In the world of gourmet cuisine the mighty morel is a much-desired delicacy. The distinctive mushroom is considered by many to have the best taste of all the wild fungi. With a limited growing season and specific geographic requirements it's about as finicky as it is delicious, which explains its hefty price tag of $50 a pound and higher. Nearly impossible to grow commercially, it's instead found by foraging in the woods in the spring.
I was introduced to morels at an early age. At the time I didn't realize what a treat they were. I grew up in Terre Haute, Indiana, and my grandfather would hunt for them. It wasn't until we moved to the Indianapolis area when I was a teenager and our ready supply disappeared that I knew how fortunate I had been.
I also didn't realize how hard it is to find them, until Eagle Ridge Resort & Spa showed a group of media members at their Morel Media Hunt. The event invites media to participate in a morel-themed visit including dinner, lunch, and hunting for morels. The resort is nestled within The Galena Territory, a 6,800-acre semi-private resort in northwestern Illinois which boasts prime morel hunting grounds - for those who know where they hide.
The team at Eagle Ridge includes expert morel hunters. Chef Randy Hoppman has been with the resort for 36 years and the Executive Chef for the last 13 years, so he's had time to scout out the best spots. The evening before our dinner he was out until 3am foraging for the massive amounts of morels that we would end up consuming during both dinner and lunch.
I'll cover our exquisite meals in Part II. But first, the hunt.
When we checked into the resort we were each provided with a morel hunting kit: baseball cap, mesh bag, and tick spray. The mesh bag purportedly helps to spread the spores through the forest once you've inserted your prize. Even though that's largely a myth, the team at Eagle Ridge plays along and makes sure we're all supplied with them.
The baseball cap and the tick spray, however, are flat-out necessary. Morels grow in the woods. Ticks live in the woods. Ticks like to get out of the woods by hitchhiking on unsuspecting foragers. Even with the tick spray I found a couple of the little buggers on my clothes. Fortunately I followed Eagle Ridge's advice to wear light-colored clothing so I could see them before they traveled too far.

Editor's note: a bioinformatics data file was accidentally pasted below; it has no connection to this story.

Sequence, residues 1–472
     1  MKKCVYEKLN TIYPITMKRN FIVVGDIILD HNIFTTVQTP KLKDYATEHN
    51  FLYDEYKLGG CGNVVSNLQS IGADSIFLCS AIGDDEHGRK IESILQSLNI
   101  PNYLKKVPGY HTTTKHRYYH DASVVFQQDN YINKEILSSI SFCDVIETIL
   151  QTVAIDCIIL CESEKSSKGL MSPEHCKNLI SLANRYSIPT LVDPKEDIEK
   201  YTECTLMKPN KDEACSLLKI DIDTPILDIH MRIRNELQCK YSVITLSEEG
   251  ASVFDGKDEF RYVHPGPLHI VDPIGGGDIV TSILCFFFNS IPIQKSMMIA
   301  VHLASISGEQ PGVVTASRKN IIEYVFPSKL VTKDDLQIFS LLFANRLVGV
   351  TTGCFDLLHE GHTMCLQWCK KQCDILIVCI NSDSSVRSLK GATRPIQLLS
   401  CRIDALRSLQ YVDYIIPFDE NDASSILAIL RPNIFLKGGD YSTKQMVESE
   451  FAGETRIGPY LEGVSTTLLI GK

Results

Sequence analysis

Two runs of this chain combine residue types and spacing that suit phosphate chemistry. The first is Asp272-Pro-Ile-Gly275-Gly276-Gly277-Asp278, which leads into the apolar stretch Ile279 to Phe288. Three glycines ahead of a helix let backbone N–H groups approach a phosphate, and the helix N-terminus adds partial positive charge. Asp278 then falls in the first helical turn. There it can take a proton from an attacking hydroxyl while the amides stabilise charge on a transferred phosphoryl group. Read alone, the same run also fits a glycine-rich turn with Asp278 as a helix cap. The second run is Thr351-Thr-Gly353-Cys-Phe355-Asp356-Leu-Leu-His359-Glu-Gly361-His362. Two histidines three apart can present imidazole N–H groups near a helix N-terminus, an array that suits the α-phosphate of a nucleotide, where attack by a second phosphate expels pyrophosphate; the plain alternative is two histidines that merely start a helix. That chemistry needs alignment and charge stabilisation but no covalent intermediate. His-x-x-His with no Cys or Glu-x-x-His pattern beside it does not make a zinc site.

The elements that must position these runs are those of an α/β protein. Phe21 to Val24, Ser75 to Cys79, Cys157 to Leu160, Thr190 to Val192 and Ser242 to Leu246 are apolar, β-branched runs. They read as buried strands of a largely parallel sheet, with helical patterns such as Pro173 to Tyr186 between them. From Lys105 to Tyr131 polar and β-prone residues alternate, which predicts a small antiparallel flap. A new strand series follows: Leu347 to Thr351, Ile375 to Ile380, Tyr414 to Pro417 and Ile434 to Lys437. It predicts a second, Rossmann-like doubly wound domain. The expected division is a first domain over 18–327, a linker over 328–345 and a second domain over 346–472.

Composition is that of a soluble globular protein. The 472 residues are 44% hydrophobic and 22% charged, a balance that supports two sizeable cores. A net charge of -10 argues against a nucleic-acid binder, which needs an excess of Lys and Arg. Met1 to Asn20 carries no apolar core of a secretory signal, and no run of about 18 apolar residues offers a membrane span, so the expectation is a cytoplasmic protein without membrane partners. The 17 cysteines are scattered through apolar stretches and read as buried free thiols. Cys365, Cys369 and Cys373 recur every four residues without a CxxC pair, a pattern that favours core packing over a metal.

Finding morels takes a keen eye. Despite their distinctive shape and honeycomb texture they're camouflaged. The sneaky suckers are generally found near dead elm trees whose bark is peeling off, but they can also be found by dead ash trees, in the grass, in open areas, under May Apples, covered by leaves - you can begin to see the difficulty here.
Once you've found one you might expect to find several. It's a dream of mine to come upon a whole grove of these "dry land fish." Rays of sunshine will burst through the clouds as angels sing in the background and I gather up my bounty.
Unfortunately it doesn't quite work that way. The first year I found a couple; last year I didn't find any; this year I won the jackpot with a total of five. Frankly, though I would love to have scored four or five pounds like the gentleman I overheard later that day at Galena Brewing Company, I was happy just to enjoy a beautiful morning walking in the woods.
Spending that time straining my eyes, stepping gingerly through fallen branches and dead leaves, and searching grid-by-grid has given me a whole new appreciation for the mighty morel mushroom. There's a reason it's so expensive. It's not an item you can grow in bulk and harvest. Hunting the elusive fungus is like going on a savory egg hunt, but you don't know how many, if any, prizes have been hidden.
If you'd like to try your hand at hunting morels there's an Illinois forum on morels.com. However, don't expect anyone to tell you where they actually find them. The first rule of morel hunting is you don't talk about morel hunting - and no one will ever share their secret spots!
Coming up next in our four part series of our Eagle Ridge Resort & Spa Visit: our exquisite morel dinner and lunch.
Into The Woods at Eagle Ridge
- Part I: Hunting the Mighty Morel
- Part II: A Resort with High Morel Standards
- Part III: R, R, & R at Eagle Ridge Resort & Spa
- Part IV: The Galena Territory
Disclaimer: I was invited to the Morel Dinner and Hunt as a member of the media, and Eagle Ridge provided accommodations, miles of hiking paths and oodles of serenity. And lots, and lots of calories.